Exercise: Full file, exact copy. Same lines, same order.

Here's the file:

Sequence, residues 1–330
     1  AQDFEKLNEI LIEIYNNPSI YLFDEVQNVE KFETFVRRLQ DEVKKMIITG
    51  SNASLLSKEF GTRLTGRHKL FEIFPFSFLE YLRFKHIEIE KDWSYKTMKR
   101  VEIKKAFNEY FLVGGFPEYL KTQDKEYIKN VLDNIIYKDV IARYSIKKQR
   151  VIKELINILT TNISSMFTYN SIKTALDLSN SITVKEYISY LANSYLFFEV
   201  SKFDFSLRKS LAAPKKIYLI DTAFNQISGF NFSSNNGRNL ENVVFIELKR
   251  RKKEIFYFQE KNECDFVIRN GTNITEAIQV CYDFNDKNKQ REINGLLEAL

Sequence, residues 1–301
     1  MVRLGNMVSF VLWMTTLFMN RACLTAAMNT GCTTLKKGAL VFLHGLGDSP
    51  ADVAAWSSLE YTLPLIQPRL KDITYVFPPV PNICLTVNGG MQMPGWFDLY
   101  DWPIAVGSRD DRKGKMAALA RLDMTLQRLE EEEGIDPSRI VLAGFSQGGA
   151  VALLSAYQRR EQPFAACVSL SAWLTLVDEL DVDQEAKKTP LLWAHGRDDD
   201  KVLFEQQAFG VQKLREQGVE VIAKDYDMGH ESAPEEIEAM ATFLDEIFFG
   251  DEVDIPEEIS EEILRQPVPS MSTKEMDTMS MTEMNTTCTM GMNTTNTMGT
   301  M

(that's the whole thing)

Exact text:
Sequence, residues 1–330
     1  AQDFEKLNEI LIEIYNNPSI YLFDEVQNVE KFETFVRRLQ DEVKKMIITG
    51  SNASLLSKEF GTRLTGRHKL FEIFPFSFLE YLRFKHIEIE KDWSYKTMKR
   101  VEIKKAFNEY FLVGGFPEYL KTQDKEYIKN VLDNIIYKDV IARYSIKKQR
   151  VIKELINILT TNISSMFTYN SIKTALDLSN SITVKEYISY LANSYLFFEV
   201  SKFDFSLRKS LAAPKKIYLI DTAFNQISGF NFSSNNGRNL ENVVFIELKR
   251  RKKEIFYFQE KNECDFVIRN GTNITEAIQV CYDFNDKNKQ REINGLLEAL

Sequence, residues 1–301
     1  MVRLGNMVSF VLWMTTLFMN RACLTAAMNT GCTTLKKGAL VFLHGLGDSP
    51  ADVAAWSSLE YTLPLIQPRL KDITYVFPPV PNICLTVNGG MQMPGWFDLY
   101  DWPIAVGSRD DRKGKMAALA RLDMTLQRLE EEEGIDPSRI VLAGFSQGGA
   151  VALLSAYQRR EQPFAACVSL SAWLTLVDEL DVDQEAKKTP LLWAHGRDDD
   201  KVLFEQQAFG VQKLREQGVE VIAKDYDMGH ESAPEEIEAM ATFLDEIFFG
   251  DEVDIPEEIS EEILRQPVPS MSTKEMDTMS MTEMNTTCTM GMNTTNTMGT
   301  M